Some members of the Senate who contributed to the debate on the 2016 budget in the red chamber on Wednesday expressed doubt over the ability of the President Muhammadu Buhari administration to implement the fiscal document based on the current economic realities.
Some of the senators in their contributions maintained that unless there was a drastic downward review of the entire budget size, the oil benchmark and the exchange rate, the Federal Government might end up embarking on an exercise in futility.
Though some senators cautioned the Buhari-led administration against borrowing to fund the budget because the fiscal document did not specify any pragmatic means of servicing the loans, others noted that it was obvious that the Federal Government would have to increase its request for foreign loans.
This, they said, was because of the decline in oil revenue which they put at $28 per barrel against the $38 upon which the budget benchmark was predicated.
The Deputy Senate President, Ike Ekweremadu, asked the executive to consider the downward review of the budget by about 30 per cent in order to make it realistic and implementable.
He said, “I am not an economist but I know that if my income is N100,000 and suddenly I start earning N30,000 and I tell my children that we will now be spending N120,000, they will start wondering where I will get the money.
“The problem we have is that over the years we have seen prosperity and we have adjusted to it and now we are seeing a downward trend in our revenue, but we still don’t seem to be addressing this issue.
“We have always increased the budget of this country from between 10 and 20 per cent, I just want to appeal that for the first time we should be able to reduce that budget by the same 20 to 30 per cent in order for us to be realistic otherwise it will not be implementable.”
Ekweremadu explained that instead of resorting to borrowing during the great recession in America, the US government had to inflate the economy by embarking on more projects.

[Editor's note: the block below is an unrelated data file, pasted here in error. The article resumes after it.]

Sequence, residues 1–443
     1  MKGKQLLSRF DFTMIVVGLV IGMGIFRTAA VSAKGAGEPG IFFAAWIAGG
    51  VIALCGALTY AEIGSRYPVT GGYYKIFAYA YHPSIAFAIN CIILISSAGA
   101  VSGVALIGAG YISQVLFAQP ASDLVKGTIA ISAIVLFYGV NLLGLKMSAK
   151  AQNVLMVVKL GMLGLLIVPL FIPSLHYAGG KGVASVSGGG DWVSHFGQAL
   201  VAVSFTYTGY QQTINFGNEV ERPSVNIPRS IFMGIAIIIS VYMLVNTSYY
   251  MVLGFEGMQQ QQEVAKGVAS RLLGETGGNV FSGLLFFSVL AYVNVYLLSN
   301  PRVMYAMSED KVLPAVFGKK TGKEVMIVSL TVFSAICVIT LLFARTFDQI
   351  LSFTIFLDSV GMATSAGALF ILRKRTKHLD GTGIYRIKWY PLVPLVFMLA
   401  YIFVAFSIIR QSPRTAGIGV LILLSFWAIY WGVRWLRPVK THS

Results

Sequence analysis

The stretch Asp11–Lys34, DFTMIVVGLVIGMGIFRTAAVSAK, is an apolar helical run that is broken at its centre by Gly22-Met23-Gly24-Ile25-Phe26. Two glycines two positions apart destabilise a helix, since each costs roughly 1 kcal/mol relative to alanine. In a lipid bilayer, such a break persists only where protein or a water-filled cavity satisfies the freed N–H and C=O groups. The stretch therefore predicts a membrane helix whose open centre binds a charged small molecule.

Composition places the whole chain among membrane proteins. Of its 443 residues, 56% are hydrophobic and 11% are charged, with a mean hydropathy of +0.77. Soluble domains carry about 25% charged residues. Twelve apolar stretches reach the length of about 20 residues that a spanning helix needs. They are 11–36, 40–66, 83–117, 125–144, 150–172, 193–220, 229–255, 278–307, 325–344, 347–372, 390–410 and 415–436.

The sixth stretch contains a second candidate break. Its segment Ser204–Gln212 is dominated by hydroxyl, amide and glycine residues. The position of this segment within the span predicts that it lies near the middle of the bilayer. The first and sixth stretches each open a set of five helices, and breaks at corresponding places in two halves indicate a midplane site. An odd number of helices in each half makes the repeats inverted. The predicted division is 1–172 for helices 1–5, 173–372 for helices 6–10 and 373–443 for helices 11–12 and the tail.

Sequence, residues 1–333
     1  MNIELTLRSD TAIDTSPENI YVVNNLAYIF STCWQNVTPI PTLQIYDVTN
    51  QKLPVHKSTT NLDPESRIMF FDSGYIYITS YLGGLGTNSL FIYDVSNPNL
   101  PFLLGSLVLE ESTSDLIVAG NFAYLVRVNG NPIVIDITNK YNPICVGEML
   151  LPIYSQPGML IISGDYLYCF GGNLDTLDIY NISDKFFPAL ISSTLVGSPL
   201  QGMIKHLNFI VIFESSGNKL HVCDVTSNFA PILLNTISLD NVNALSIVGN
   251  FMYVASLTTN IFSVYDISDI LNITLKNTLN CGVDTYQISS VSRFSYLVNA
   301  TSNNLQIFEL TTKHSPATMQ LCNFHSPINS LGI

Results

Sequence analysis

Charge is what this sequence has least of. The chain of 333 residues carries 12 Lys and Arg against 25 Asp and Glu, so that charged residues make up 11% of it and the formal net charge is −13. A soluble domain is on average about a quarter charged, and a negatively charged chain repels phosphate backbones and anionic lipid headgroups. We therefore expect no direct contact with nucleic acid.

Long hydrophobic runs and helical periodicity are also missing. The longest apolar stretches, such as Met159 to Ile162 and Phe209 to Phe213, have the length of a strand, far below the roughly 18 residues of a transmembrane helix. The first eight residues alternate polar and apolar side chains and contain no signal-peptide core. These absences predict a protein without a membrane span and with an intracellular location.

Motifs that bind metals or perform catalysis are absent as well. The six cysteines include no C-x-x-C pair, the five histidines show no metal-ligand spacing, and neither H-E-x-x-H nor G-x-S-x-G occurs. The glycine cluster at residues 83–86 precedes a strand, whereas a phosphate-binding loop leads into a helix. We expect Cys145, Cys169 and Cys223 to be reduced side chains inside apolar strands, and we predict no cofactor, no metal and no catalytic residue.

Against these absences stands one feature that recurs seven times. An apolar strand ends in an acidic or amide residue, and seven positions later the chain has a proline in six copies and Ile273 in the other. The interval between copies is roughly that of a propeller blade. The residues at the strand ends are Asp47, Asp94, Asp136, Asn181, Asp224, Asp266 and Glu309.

The Chairman of the Senate Committee on Information, Senator Enyinnaya Abaribe, in his contribution, noted that the 2016 budget was incapable of addressing the socio-economic challenges confronting the nation.
He explained that a budget meant to cushion the effects of the hard times being experienced by Nigerians would not vote billions of naira to execute “frivolous projects” in the Presidential Villa as currently contained in the fiscal document.
Obviously uncomfortable with the hard knocks on the budget by his colleagues, the Chairman of the Senate Committee on Defence, Senator Ahmad Lawan, blamed the opposition Peoples Democratic Party for the economic crisis being experienced in the nation.
He argued that the situation would not appear hopeless if the managers of the nation’s economy in the last 16 years had judiciously spent the volume of funds which accrued to it on the critical sectors that could bring succour to Nigerians.
He said, “We have to fund part of this budget by borrowing because in the previous administration a huge chunk of our common patrimony our resources was stolen. I believe that the challenge of this economy is not the current prices of oil in the world market.
“The challenge is and has been always been corruption. For example, 55 privileged Nigerians in the last 16 years stole N1.34tn. This is the 17th budget I am debating in the National Assembly with the exception of 2005 appropriation.
“There was never an implementation of more than 40 per cent. Nigerians was shortchanged for 16 years. The proposal before us is the first in the last 17 years that an allocation of 30 per cent of the appropriation is given to capital.
“Also, for the first time in a genuine, sincere, honest and transparent manner, the executive arm of government has deemed it necessary to give ordinary Nigerians something, some succour, some hope and genuine one for that matter.”